Translating Letters #galicia #translation #poland

Helen Goldsmith

If it is Sutterlin, you might try

I had about 20 letters that were both in Sutterlin and virtually illegible - other translators I showed my letters to couldn't make sense of them. A year ago someone sent me a link to this site. She did it really quickly, although some was even too illegible for her, so there are some gaps. But I finally got to hear the voices of my paternal grandparents. It was a really reasonable cost (although I can't recall what it was). Note: she transcribed it into modern German and not into English. I put her transcription into Google translate and immediately had a translation!

Helen Goldsmith
San Francisco, California

Peggy Mosinger Freedman

Rachel Kessler Park made a good suggestion about how to scan and name each letter.

I used the software package Tropy available from Digital Scholar at to organize a collection of unidentified Yiddish letters from my grandfather's desk.
(As this is a non-profit providing free tools for students and scholars, I hope this mention is acceptable per JewishGen guidelines.)

The software sits on your computer and you drop the scans in it.  Once the scans are connected to Tropy, you can add both formal source details and metadata (type of document, date, where it is held, etc). You can also create your own tags (author of letter, language, etc).  I found new information in my collection of Yiddish letters because I tagged them with my own details (like the letterhead of the letter!)

You need to be a little bit of a nerd to like learning new software, buts since a lot of us genealogists are, I wanted to share the tool. I am really impressed with it.

Peggy Mosinger Freedman
Atlanta, GA

Yale Reisner


If your family was Yiddish-speaking, why would they write each other in German?!

Could you post part of that material?

Yale J. Reisner
Warsaw, Poland
JGFF #913980

Rick Luftglass

last year I posted a Yiddish newspaper article by great uncle on Viewmate, and Abraham Maxwell, a volunteer, responded and did a wonderful job. I then reached him privately and said I had a lot more, but too many to ask kind-spirited volunteers. I offered to pay him for his time. It’s not his business and he wasn’t actively seeking translation work,  so we just agreed on an amount that seemed mutually fair, based on his estimate of the hours. It ended up being about 20 articles, done great and fast. If you post a scan on viewmate, he may be one of the people who responds, or email me privately and I’ll share his contact.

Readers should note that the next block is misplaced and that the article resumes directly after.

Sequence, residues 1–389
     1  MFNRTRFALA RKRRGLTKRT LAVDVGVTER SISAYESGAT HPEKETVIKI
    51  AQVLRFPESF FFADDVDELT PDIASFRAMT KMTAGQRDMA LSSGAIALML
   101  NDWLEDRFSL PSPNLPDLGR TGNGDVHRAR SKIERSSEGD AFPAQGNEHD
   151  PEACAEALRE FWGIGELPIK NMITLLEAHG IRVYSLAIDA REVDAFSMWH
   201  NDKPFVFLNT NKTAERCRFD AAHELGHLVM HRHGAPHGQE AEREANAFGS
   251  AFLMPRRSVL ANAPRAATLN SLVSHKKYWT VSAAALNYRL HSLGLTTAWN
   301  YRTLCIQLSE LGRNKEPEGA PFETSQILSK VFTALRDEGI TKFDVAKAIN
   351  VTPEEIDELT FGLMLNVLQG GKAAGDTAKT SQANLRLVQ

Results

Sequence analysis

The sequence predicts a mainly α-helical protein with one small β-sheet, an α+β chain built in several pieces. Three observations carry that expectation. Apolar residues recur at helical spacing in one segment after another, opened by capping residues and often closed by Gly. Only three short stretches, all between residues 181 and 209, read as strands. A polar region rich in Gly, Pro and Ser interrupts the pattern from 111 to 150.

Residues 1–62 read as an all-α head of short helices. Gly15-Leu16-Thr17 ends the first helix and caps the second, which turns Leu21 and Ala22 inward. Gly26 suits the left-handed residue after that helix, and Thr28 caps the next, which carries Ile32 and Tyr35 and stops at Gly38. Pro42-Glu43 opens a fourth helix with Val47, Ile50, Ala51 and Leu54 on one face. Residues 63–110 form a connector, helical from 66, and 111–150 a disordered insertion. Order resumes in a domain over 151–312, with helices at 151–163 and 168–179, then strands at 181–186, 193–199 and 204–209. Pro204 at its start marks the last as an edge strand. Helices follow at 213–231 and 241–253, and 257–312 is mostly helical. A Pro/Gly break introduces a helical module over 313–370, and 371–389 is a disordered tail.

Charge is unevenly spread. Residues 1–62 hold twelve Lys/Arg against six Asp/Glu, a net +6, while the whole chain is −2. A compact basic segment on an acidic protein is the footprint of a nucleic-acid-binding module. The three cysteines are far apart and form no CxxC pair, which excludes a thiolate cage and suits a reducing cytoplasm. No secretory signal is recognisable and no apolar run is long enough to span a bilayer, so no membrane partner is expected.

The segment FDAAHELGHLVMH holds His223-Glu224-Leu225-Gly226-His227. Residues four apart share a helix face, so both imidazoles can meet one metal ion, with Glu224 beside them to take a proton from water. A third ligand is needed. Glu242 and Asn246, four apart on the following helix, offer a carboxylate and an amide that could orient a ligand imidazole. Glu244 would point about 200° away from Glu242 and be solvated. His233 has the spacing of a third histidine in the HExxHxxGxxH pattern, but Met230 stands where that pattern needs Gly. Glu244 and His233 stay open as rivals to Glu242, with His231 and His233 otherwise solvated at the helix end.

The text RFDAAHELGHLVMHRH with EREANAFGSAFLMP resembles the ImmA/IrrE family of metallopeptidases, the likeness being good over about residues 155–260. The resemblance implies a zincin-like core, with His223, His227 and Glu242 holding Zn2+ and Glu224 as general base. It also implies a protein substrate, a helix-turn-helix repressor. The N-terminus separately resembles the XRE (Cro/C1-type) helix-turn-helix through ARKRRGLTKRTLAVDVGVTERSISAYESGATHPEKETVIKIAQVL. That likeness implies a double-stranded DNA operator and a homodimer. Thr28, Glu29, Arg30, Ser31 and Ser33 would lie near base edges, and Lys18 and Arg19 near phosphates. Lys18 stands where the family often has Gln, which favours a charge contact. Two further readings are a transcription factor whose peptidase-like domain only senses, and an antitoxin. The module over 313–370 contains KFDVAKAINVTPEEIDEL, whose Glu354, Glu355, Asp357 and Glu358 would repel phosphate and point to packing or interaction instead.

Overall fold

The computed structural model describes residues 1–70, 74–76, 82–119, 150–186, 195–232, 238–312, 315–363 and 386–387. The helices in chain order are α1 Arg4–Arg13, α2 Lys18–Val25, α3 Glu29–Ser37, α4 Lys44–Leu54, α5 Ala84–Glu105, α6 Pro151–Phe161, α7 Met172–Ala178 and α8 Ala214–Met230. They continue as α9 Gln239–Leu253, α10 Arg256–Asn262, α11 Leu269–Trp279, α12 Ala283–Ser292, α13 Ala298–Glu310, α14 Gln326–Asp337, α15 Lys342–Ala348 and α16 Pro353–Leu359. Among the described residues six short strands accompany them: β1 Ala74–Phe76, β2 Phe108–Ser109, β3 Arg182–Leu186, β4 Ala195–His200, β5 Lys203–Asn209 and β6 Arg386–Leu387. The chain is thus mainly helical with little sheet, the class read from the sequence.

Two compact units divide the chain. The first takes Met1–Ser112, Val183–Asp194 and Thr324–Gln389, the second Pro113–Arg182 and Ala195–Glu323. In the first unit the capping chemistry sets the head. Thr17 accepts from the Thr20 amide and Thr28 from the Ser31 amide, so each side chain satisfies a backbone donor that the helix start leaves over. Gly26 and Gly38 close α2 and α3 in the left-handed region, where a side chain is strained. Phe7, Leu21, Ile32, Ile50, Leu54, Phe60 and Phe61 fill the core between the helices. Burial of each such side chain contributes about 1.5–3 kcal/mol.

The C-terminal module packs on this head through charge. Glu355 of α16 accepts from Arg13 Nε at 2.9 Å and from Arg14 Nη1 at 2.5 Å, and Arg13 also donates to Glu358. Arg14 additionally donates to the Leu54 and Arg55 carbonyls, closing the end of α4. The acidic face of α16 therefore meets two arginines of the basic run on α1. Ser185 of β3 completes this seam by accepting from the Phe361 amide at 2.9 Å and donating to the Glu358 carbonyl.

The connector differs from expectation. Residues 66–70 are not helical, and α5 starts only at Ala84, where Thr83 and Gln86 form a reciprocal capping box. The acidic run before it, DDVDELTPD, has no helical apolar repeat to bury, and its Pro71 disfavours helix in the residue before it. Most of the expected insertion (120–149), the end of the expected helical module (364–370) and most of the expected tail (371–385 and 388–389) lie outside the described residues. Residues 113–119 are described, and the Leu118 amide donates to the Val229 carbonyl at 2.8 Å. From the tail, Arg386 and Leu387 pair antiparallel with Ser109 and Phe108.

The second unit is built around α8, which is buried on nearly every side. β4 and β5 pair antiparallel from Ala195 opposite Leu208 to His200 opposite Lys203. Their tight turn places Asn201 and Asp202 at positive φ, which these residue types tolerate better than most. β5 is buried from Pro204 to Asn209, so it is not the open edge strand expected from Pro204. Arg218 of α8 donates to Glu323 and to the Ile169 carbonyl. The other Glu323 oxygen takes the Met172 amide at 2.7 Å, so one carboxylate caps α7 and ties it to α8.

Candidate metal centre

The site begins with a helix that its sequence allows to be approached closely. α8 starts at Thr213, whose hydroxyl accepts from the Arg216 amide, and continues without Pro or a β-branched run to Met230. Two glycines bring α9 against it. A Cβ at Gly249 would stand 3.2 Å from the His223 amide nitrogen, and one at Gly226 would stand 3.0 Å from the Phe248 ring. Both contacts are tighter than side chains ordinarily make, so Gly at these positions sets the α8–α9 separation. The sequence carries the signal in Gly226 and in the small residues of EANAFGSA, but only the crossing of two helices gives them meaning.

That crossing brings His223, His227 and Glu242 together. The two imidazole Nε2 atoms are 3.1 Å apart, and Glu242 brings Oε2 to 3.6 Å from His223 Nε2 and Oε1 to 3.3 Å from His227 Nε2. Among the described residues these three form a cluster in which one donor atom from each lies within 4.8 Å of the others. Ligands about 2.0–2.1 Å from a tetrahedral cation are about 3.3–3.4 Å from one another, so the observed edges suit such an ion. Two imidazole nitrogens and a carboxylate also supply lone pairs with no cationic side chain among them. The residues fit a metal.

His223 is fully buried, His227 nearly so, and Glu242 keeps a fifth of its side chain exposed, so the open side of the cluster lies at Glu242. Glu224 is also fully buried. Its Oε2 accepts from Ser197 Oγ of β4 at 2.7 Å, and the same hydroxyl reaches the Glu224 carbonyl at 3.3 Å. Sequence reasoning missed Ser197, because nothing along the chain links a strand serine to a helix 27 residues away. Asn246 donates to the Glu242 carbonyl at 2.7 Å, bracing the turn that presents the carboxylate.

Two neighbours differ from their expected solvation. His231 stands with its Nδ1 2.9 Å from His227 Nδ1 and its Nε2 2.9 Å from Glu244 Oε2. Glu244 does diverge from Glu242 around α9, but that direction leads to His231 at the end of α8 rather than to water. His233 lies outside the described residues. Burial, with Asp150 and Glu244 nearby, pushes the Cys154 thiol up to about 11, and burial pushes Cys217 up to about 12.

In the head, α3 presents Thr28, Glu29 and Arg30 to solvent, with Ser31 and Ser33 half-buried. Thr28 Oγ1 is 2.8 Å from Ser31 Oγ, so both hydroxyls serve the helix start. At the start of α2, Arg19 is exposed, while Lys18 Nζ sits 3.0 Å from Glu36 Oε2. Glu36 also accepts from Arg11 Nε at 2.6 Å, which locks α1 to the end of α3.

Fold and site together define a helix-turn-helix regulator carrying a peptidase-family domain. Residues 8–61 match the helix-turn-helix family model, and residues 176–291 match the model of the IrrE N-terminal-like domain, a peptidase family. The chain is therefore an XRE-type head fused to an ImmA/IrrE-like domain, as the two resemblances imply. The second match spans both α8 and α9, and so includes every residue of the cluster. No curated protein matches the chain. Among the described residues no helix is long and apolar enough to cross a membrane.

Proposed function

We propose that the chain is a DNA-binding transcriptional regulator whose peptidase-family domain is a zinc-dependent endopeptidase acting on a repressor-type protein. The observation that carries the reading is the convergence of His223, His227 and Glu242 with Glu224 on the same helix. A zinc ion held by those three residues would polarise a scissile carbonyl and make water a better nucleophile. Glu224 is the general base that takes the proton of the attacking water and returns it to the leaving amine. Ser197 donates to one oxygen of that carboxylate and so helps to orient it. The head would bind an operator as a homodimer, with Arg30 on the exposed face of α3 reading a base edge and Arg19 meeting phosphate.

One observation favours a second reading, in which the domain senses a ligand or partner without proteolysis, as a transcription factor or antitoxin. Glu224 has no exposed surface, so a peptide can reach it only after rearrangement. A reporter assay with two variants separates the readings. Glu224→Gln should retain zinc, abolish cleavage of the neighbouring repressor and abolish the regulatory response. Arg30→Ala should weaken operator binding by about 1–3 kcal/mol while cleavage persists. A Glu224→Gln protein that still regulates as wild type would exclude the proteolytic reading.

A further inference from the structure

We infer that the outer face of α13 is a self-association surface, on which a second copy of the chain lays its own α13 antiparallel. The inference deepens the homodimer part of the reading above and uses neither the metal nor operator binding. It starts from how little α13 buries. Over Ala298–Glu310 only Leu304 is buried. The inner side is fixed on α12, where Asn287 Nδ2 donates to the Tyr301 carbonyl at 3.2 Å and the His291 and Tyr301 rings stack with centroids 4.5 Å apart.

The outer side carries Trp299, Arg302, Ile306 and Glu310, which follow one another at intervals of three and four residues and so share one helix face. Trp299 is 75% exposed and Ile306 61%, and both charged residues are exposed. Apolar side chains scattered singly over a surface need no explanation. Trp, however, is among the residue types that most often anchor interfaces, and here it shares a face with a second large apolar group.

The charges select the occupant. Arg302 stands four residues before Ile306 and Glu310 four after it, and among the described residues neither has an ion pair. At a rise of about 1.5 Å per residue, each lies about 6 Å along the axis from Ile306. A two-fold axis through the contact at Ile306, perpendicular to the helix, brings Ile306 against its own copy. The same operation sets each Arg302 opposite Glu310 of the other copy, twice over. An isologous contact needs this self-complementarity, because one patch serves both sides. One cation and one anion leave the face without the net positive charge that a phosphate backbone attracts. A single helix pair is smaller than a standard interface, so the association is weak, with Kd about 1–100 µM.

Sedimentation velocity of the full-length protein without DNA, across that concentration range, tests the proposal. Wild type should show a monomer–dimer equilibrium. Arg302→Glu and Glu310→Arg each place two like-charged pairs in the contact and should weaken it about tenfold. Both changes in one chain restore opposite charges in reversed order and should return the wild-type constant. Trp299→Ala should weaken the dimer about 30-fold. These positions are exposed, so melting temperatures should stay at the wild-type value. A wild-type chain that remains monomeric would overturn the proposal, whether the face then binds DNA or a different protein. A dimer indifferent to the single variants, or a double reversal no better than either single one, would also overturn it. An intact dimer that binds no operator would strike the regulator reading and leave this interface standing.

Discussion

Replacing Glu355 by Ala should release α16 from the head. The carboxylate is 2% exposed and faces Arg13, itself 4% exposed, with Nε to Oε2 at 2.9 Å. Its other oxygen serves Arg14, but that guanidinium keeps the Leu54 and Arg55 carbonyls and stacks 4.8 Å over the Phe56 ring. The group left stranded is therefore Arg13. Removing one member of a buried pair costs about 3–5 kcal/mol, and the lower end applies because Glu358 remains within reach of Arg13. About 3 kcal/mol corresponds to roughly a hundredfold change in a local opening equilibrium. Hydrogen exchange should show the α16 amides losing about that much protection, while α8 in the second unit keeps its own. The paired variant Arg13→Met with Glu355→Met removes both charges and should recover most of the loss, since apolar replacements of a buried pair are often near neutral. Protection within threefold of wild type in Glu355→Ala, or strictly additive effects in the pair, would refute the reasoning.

Rick Luftglass
Brooklyn, NY


Locations of interest.
Pcim (Myslenice county), Poland
Oswiecim, Poland
Andrychow, Poland
Gdow, Poland
Narajow (present-day Ukraine)
Namestovo (present-day Slovakia)
Bogopol (present-day Pervomaisk, Ukraine)


I have had over 100 letters between my grandfather, his two sisters and other family members translated from many languages. It took over a year.

I used jewgen viewmate to translate some short letters or post cards but it can take a while. People on viewmate helped determine the language the letter were written in. 

Using translators can be about 10 cents a word. I found three translators who I found through the internet. Some advice, 1. scan each letter including the envelope. 2. Determine the date, who wrote the letter, and language it was written in. 3. Develop a naming system ex. 19290423.Dora.R.14. Date.Name.language.Letter#. Apply this coding to a postanote to put on original letter and file name of the scan. Put originals in folders by year. Only send scans to translators. Keep a tracking list of letters, who wrote the letter, where they were located, date sent to translate, date returned, notes about key info from letter. Be as organized as you can! 

hope this helps. Contact me by email if you have any questions. 

very rewarding experience!
Rachel Kessler Park

stanley goldberg

I had a similar situation. I had letters written by my maternal grandfather (who had immigrated here to Kingston, NY) to my parents, also here in the United States. I was doing family genealogy and wanted to know if these letters contained any family history, by chance. The letters were in Yiddish.
I contacted the Yiddish Book Center in Massachusetts. While they do not provide translation service, they did provide an extensive list of translators. The list is organized both alphabetically as well as by area of specialty including other languages. I did contact one of the translators who reviewed the letters, sent me an estimate and then I agreed to the service. While the letters did not provide any family history, they were original family documents which I valued.
The Yiddish Book Center: 413-256-4900;
I hope they can help.

Stanley Goldberg
Detroit, Michigan

Jamie Morgenbesser

I need help please. My family has found letters from the 30's-40's, written by my great-great grandfather, to his son (or children) in America. We are not sure what language the letters are written in, it appears to be an old form of German script, possibly Sutterlin script? My family came from Galicia and spoke yiddish, so there is nobody in my family able to translate. My grandfather (86) knows VERY little about his father and I would love to translate these letters and allow my grandpa to understand his fathers history. Thank you!

Jamie Morgenbesser